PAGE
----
In some cases, you might need a veterinary specialist. If your pet has specific health issues, like a neurological disease, you probably want to take it to someone who has extra training in that area. A veterinary specialist should be accredited by The Australasian Veterinary Boards Council (AVBC). The AVBC ensures your veterinarian has met specific requirements for their specialty and studied longer to become an expert in a specific area. The AVBC also works for species-specific vets. If you need a vet that specialises in birds, reptiles, pigs or other "exotic companion animals" (turtles, parrots and snakes for example), you want to make sure they're certified to handle those animals. You can search by specialty and species in most states at the links above.
Look into veterinary networks like Greencross Vets, too. These are sort of like chain offices that usually offer lower prices and may have their own set of guidelines for vets to follow. They don't always have the best reputation, though. Here's what one writer and pet owner had to say about them over at Petcha:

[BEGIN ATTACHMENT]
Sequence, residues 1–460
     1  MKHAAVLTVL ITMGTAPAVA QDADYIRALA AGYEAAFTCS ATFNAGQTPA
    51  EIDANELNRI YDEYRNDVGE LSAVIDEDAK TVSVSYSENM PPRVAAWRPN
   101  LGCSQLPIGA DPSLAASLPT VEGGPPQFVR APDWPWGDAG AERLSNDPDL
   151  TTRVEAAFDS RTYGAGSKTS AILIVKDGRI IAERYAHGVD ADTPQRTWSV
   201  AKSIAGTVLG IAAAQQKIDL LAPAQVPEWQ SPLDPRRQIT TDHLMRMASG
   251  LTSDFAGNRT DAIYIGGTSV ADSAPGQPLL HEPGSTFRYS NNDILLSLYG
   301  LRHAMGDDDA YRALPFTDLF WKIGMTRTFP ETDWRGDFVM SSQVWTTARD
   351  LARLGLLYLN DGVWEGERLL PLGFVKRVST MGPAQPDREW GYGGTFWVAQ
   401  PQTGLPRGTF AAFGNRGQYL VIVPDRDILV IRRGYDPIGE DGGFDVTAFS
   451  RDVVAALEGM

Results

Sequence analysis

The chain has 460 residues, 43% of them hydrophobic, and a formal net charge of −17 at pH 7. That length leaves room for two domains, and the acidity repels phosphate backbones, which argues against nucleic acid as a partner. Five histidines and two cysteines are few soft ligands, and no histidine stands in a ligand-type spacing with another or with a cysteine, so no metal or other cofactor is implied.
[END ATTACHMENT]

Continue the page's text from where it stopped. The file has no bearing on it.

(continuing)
These chain hospitals can often offer lower prices by spreading out overhead and leveraging their purchasing power to strike deals with drug manufacturers. But the trade-off, at least in my experience, is that you may not see the same veterinarian and staff members during each visit. I prefer to have a veterinarian who really knows me and my pets.
This isn't always the case, of course. My cat goes to a chain hospital and we see the same doctor every time. In fact, it feels just like an independent vet's office, except they tried to get me to sign up for their CareClub once. To their credit, they only mentioned because my bill was super high and they thought it might save me money.
When you go through a network, the same rules apply, though. Your vet can still be ASAVA and AVA accredited. But beyond the letters behind their name, you want to make sure the vet and their office is the right fit for you.
Schedule a Meeting and Tour the Office
You don't want to wait until your pet is really sick to visit a vet's office for the first time. You need time to make sure you actually like and trust a vet before you come to them with a life-or-death situation. The AAHA recommends asking the vet for a "get acquainted" meeting to meet them and see if the office is the right fit. You could also just schedule a checkup, though, which can actually let you see the vet in action, observe how they interact with your pet, hear how they communicate with you and so on.